The chemical process when water and air are added to concrete is called hydration, which produces crystals that interlock and bind the aggregate together. It's important to know that concrete doesn't dry, it cures. The minerals in the cement hydrate in the presence of water and require proper moisture while hydrating to cure effectively, if hydraulic cement dries out while curing the result can be a very weak product.

So, Concrete Is The Perfect Building Material?

Almost. While concrete is very strong in compression, some mixes supporting 12,000 psi, concrete is weak in tensile strength (more on that in Lesson 3). A common material that's added to concrete that has a high tensile strength is steel, this is commonly called rebar (reinforcing bar). Combined, concrete and steel are a very strong building material and can be seen in many construction sites today.

While concrete is very strong and versatile, it's not perfect.


QUIZ TIME

Put your knowledge to the test, try the quiz below and see how you do!

{
    "id": "quiz-1",
    "question": "Cement and concrete are different names for the same thing",
    "answers": [
        {
            "title": "Yes, they are the same",
            "correct": false
        },
        {
            "title": "No, they are different",
            "correct": true
       }
    ],
    "correctNotice": "Correct! Cement is a binder, concrete is cement mixed with aggregate.",
    "incorrectNotice": "That's incorrect."
}
{
    "id": "quiz-2",
    "question": "What's happening when concrete cures?",
    "answers": [
        {
            "title": "It's hardens by being exposed to air",
            "correct": false
        },
{
            "title": "A chemical process called hydration",
            "correct": true
        },
        {
            "title": "Concrete only cures when it's heated to 50°C",
            "correct": false
        }
    ],
    "correctNotice": "Correct! Cement hydration is a chemical process that produces interlocking crystals that bind together.",
    "incorrectNotice": "That's incorrect."
}
{
    "id": "quiz-3",
    "question": "Concrete is stronger in tension than compression.",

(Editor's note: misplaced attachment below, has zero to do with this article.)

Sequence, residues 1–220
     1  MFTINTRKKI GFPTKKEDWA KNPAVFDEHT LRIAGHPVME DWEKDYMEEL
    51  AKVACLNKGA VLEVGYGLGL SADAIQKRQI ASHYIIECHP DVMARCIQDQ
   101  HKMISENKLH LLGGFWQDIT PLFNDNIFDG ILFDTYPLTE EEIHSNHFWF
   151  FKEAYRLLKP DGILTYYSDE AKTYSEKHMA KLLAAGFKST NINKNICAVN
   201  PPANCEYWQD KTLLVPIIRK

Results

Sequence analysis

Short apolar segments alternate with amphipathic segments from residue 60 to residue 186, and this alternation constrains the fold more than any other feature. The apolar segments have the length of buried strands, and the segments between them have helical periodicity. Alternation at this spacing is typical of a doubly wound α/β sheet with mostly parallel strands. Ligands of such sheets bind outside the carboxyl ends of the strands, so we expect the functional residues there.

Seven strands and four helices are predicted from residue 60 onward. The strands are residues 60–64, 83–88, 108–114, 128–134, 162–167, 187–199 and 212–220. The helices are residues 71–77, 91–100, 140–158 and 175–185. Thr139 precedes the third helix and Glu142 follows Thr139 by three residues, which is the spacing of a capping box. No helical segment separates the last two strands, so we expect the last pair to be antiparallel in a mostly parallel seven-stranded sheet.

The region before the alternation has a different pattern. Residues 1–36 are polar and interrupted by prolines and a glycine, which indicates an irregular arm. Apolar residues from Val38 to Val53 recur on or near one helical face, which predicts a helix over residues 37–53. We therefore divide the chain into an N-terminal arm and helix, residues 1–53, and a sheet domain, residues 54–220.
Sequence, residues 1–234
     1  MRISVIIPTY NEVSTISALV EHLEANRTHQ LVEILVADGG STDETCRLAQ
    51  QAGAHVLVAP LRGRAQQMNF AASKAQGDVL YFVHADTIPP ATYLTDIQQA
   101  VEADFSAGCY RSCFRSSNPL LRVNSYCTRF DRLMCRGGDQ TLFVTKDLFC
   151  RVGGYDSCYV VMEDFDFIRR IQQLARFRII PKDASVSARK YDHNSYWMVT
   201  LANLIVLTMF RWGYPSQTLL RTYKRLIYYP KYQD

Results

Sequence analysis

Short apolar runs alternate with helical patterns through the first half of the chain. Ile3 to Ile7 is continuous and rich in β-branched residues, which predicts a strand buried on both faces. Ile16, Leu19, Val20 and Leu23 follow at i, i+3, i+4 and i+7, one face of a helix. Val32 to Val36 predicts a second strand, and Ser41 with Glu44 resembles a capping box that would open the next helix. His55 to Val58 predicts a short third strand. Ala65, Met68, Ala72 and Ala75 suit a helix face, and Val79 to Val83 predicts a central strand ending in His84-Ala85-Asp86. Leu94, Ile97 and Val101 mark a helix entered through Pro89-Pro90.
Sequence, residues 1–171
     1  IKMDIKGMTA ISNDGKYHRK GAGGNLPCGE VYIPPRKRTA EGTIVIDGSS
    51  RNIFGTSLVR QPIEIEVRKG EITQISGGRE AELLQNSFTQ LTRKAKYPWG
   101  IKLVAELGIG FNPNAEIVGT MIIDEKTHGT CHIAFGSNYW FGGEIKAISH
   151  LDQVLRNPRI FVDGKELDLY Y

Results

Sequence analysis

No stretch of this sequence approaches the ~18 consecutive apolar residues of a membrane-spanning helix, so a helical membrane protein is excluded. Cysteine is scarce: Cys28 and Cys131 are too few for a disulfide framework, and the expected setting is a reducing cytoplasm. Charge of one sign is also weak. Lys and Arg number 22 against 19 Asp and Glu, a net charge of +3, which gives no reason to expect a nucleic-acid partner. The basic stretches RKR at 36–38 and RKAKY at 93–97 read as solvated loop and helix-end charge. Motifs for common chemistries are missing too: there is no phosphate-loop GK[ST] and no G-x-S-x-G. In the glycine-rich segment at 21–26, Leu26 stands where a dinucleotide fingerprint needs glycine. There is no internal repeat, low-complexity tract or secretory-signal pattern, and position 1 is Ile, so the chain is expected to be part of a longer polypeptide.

"answers": [
        {
            "title": "True",
            "correct": false
        },
        {
            "title": "False",
            "correct": true
        }
    ],
    "correctNotice": "Correct! Concrete needs reinforcement in order to be strong in tension.",
    "incorrectNotice": "That's incorrect."
}
{
    "id": "quiz-4",
    "question": "How long can concrete last for?",
    "answers": [
        {
            "title": "10 years",
            "correct": false
        },
        {
            "title": "50 Years",
            "correct": false
        },

        {
            "title": "Thousands of years",
            "correct": true
        }
    ],
    "correctNotice": "Correct! Man made concrete from 6500 BC has been discovered by archaeologists.",
    "incorrectNotice": "That's incorrect."
}
{
    "id": "quiz-5",
    "question": "Select the components of concrete",
    "answers": [
        {
            "title": "Water, cement, Portland cement",
            "correct": false
        },
        {
            "title": "Water, sand, eggs, Portland cement",
            "correct": false
       },

        {
            "title": "Water, aggregate, Portland cement",
            "correct": true
       },
        {
            "title": "Sand, rebar, Portland cement",
            "correct": false
       }
    ],
    "correctNotice": "Correct!",
    "incorrectNotice": "That's incorrect."
}

Concrete is one of mankind's oldest and most used construction material. However, to make anything out of concrete stand the test of time it needs to be mixed and poured correctly. Though it may seem simple. mixing and pouring concrete incorrectly can lead to frustrating results. In the next lesson we'll learn about the proper way to mix and pour concrete for perfect results every time!

CLASS PROJECT

Share a photo of your finished project with the class!

Nice work! You've completed the class project